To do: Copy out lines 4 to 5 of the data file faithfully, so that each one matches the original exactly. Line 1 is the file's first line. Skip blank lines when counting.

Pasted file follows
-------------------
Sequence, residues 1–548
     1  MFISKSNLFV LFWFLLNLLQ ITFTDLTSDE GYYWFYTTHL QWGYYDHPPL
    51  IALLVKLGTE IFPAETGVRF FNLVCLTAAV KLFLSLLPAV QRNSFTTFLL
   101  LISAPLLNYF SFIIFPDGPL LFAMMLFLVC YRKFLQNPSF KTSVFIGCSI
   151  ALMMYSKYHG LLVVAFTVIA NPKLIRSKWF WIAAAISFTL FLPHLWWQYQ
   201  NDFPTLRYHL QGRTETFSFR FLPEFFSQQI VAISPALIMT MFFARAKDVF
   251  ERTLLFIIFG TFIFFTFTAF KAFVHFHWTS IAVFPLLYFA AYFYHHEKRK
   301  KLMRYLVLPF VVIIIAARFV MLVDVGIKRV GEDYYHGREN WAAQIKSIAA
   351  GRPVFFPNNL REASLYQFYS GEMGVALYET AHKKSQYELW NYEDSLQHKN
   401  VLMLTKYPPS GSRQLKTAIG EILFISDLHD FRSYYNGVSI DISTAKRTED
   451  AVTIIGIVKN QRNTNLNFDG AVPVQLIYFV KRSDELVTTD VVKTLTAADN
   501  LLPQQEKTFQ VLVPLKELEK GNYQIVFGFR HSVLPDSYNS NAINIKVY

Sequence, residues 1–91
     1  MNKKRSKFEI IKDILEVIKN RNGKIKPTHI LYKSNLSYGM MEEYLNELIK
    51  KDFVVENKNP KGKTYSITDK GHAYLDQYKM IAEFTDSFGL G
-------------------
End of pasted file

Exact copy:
   101  LISAPLLNYF SFIIFPDGPL LFAMMLFLVC YRKFLQNPSF KTSVFIGCSI
   151  ALMMYSKYHG LLVVAFTVIA NPKLIRSKWF WIAAAISFTL FLPHLWWQYQ